Content of the article: "Why PCs Don’t Care About The NPC You Put Hours Into; Why They Love That Random Goatherd You Made Up On The Spot; Why They Ignore Your Plot; And Why They Do Weird Things"
Every DM has this experience. Either you put a lot of work into something and your PCs just don't care, or the big thing they care about is some random inconsequential detail that doesn't matter at all in the big overall story. Or both!
There's a single concept that explains this. It comes from improv theater.
When an improv actor says or does anything new, that's called an offer. I did an improv class one time where we just practiced accepting offers. I said "Let's invade Kentucky!" and this other guy said "I'll get my camo hat!" The idea is just that the first person would put out an idea and the other person would pick it up and build on it.
D&D is not like that, but D&D does have offers, and they mostly come from the DM, especially when a game is getting started. If you say to the players "you discover that Count Vampire McVampire from Bonjovia is behind the murders!" this is an offer. People often think that it is guaranteed that players will care, but it is not guaranteed at all. And if the players ask a guard for a directions, and you randomly mention that the guard has a mustache, that is also an offer. You might assume that it is guaranteed that the players will not care about the guard's mustache, but you will learn otherwise. The mustache is an offer, and some PCs will ignore the BBEG and seize on the importance of the guard's mustache.
Often the best way to have a good game is to rebuild your entire plot to be a conspiracy about mustaches, because that's what the players have chosen to chase now, and they will chase it whether or not it exists.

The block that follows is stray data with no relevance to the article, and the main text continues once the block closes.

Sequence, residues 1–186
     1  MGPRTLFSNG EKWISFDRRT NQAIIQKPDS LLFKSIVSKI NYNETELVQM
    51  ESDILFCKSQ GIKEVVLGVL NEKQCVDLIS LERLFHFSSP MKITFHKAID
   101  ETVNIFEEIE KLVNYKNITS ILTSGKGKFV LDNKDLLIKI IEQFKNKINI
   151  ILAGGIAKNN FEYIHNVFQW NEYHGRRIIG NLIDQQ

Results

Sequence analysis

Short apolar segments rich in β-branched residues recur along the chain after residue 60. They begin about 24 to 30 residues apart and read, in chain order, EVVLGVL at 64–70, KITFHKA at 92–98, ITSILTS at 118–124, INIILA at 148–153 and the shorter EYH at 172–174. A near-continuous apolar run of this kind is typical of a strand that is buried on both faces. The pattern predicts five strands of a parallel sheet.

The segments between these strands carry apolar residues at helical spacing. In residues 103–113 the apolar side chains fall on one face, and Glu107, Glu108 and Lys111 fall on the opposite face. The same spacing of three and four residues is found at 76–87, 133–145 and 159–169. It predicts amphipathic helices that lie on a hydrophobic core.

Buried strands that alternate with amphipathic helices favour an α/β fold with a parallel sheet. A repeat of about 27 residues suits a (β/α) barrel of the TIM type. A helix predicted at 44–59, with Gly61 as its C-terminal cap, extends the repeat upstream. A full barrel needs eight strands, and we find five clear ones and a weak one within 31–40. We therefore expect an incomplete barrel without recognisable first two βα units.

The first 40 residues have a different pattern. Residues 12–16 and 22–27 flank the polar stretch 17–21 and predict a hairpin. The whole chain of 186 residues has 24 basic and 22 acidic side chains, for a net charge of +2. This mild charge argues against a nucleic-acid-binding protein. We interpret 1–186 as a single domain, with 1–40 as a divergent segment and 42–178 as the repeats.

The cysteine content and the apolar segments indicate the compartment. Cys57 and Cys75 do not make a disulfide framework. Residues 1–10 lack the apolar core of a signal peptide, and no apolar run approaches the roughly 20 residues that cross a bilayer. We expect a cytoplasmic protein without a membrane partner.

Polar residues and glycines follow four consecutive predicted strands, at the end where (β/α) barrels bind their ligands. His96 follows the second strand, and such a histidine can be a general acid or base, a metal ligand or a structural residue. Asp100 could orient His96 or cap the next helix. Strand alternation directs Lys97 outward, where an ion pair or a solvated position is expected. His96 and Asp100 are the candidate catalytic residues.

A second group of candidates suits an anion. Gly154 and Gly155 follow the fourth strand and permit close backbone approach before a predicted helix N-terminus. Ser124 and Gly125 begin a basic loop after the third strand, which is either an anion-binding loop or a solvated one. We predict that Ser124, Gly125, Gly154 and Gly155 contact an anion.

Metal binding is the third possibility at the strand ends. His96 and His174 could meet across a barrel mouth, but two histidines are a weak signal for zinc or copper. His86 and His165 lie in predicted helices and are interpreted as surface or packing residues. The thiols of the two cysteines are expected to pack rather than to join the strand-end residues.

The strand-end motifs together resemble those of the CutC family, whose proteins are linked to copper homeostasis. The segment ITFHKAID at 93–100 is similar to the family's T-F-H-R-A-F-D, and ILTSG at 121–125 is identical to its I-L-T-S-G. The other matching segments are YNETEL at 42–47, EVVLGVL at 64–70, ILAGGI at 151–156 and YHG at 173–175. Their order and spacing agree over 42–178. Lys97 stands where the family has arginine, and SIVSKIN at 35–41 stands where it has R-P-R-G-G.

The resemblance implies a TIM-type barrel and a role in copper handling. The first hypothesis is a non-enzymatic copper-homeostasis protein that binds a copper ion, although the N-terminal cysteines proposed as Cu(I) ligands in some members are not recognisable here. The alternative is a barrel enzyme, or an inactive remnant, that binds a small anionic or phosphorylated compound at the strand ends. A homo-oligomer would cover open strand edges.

If you think of D&D as a thing with a plot and a story that the DM provides to the players, the whole mustache conspiracy factor will exhaust you.
So don't think of it that way. That mental model is unfortunately a reasonable interpretation of the way people write up adventures — but it'll just make you crazy, or at least tired.
Instead, think of D&D as an improv game where every player can put out offers to the other players, but most offers are going to come from you, the DM, and the players are going to reject most of those offers.
The number one mistake that DMs make, especially beginning DMs, is assuming that the players will take the "right" offers and ignore the "wrong" offers.
Instead, just say "I'm going to throw out a bunch of offers and see where the PCs want to go." And instead of planning a whole storyline ahead of time, build out a few different directions. If they take up the Count Vampire McVampire offer, have a followup offer like a vampire hunter looking for a magic amulet, or whatever. But be prepared for them instead to want to find out more about who the victim was in the latest murder, and set up an offer there as well — maybe a widow seeking revenge, or something.
The big win here is if you set up a couple different offers per game, but they don't take you up on every offer, you'll have a bunch of extra stuff ready for those weird occasions when they get obsessed with the guard's mustache.
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